“You don’t want to hear from us, since nothing good is going to come out of it.”
If those sound like fightin’ words, they are. They were spoken by Jay D. Hanson, one of five members leading the Public Company Accounting Oversight Board (PCAOB), www.pcaobus.org, affectionately referred to in corporate circles as “Peek-a-Boo.” Like in “Peek-a-boo, I see you.”
Hanson spoke recently to an almost standing-room-only crowd at a half-day conference for audit committee members and CFOs of publicly traded companies, sponsored by PondelWilkinson in conjunction with the University of California, Irvine.
The PCAOB was established by Congress in 2002, following passage of the Sarbanes-Oxley Act (SOX), to oversee audits of public companies. SOX required that auditors of U.S. public companies be subject to external and independent oversight for the first time in history. Previously, the profession was self-regulated. The Board was created in response to the increasing number of accounting “restatements” (corrections of past financial statements) by public companies during the 1990s, plus the high profile accounting scandals and record-setting bankruptcies by large public companies, notably those in 2002 involving WorldCom and Enron.
“We cannot put people in jail, but we can end careers. We often ask candid questions that make executives squirm.” Hanson said. “Our focus is on internal controls. The most prevalent problems involve guidance, revenue recognition and fair value issues. It is surprising how many CEOs admit they have taken their eye off the ball when it comes to these matters.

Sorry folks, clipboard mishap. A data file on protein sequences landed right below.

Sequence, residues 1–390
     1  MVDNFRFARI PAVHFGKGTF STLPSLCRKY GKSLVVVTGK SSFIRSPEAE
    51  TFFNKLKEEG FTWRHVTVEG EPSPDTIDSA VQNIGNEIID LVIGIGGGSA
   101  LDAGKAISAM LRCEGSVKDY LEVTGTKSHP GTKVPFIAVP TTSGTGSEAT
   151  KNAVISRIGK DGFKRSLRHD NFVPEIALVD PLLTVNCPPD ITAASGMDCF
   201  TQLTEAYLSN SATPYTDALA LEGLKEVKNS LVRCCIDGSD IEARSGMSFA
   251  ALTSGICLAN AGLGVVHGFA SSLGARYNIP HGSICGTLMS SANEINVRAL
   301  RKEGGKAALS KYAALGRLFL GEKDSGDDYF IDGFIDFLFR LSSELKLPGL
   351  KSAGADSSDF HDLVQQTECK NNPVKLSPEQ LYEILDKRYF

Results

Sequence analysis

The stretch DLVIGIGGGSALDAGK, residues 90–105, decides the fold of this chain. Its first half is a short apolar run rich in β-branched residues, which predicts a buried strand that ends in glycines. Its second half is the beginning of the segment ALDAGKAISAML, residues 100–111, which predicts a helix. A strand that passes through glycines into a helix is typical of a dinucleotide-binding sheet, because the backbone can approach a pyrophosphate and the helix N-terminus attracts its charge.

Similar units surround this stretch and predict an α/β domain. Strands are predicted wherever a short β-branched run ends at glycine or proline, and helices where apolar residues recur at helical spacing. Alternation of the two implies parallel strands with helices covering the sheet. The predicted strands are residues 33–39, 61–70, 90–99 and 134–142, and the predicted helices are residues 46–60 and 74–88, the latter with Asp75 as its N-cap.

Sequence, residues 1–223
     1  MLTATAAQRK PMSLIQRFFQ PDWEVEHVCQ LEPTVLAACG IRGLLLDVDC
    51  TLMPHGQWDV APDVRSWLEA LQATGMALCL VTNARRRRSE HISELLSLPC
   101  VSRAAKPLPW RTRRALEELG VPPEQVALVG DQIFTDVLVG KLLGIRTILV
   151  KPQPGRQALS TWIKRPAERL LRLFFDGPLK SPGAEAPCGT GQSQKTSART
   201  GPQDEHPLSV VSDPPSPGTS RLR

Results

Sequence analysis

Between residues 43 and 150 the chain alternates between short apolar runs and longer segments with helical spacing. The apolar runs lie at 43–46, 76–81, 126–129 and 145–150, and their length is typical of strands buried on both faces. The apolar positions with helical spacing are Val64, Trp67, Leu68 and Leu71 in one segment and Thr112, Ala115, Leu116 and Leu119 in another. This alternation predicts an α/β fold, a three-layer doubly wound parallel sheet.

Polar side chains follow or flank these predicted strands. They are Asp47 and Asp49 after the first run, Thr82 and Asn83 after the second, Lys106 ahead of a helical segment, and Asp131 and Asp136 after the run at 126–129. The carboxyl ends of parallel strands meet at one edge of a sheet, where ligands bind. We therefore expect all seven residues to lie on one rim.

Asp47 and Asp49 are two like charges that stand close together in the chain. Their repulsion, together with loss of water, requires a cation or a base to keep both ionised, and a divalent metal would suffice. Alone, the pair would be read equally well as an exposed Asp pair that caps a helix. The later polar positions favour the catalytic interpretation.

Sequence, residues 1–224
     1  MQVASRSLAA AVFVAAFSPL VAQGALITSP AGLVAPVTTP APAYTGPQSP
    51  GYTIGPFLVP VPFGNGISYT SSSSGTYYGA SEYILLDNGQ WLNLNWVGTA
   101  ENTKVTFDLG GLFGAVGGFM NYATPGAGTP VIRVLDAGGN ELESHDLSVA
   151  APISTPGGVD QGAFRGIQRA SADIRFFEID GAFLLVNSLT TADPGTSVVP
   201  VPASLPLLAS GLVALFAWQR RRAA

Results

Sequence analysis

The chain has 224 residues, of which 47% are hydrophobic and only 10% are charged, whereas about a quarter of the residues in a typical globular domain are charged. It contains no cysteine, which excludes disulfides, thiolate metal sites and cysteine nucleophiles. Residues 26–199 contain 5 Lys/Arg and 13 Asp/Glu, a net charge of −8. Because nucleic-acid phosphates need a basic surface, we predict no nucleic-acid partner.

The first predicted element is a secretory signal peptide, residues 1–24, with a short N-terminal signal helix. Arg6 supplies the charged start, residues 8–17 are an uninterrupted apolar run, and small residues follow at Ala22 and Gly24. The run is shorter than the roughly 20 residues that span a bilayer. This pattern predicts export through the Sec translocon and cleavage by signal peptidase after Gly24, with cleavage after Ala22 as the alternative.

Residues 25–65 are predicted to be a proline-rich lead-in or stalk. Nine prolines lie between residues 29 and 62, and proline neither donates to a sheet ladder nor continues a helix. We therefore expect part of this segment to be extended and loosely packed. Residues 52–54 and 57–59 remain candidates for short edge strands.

“Particularly for small and medium-size companies, being on an audit committee is the hardest job in the boardroom today. Members increasingly are being targeted for lawsuits. And don’t forget cyber threats, as we all see more regularly on the news, impacting millions of people,” Hanson added, seemingly out of context as a thought he did not want to forget to convey. He duly noted that CFOs and audit committee members can also be seen as responsible for such maladies as well.
The Board’s mission is to protect the interests of investors and further the public interest in the preparation of informative, accurate and independent audit reports. It also oversees the audits of broker-dealers, including compliance reports filed pursuant to federal securities laws, to promote investor protection. All PCAOB rules and standards must be approved by the U.S. Securities and Exchange Commission, and although the Board has no authority over public companies, PCAOB work has wide implications for public companies and their audit committees.
Hanson’s parting advice: “Go beyond minimal requirements and make good use of these three verbs: explain, clarify and disclose.”
Other sponsors of the conference included independent auditing firm Squar Milner; law firm Paul Hastings; financial printer RR Donnelley; and insurance brokerage AON.
— Roger Pondel, firstname.lastname@example.org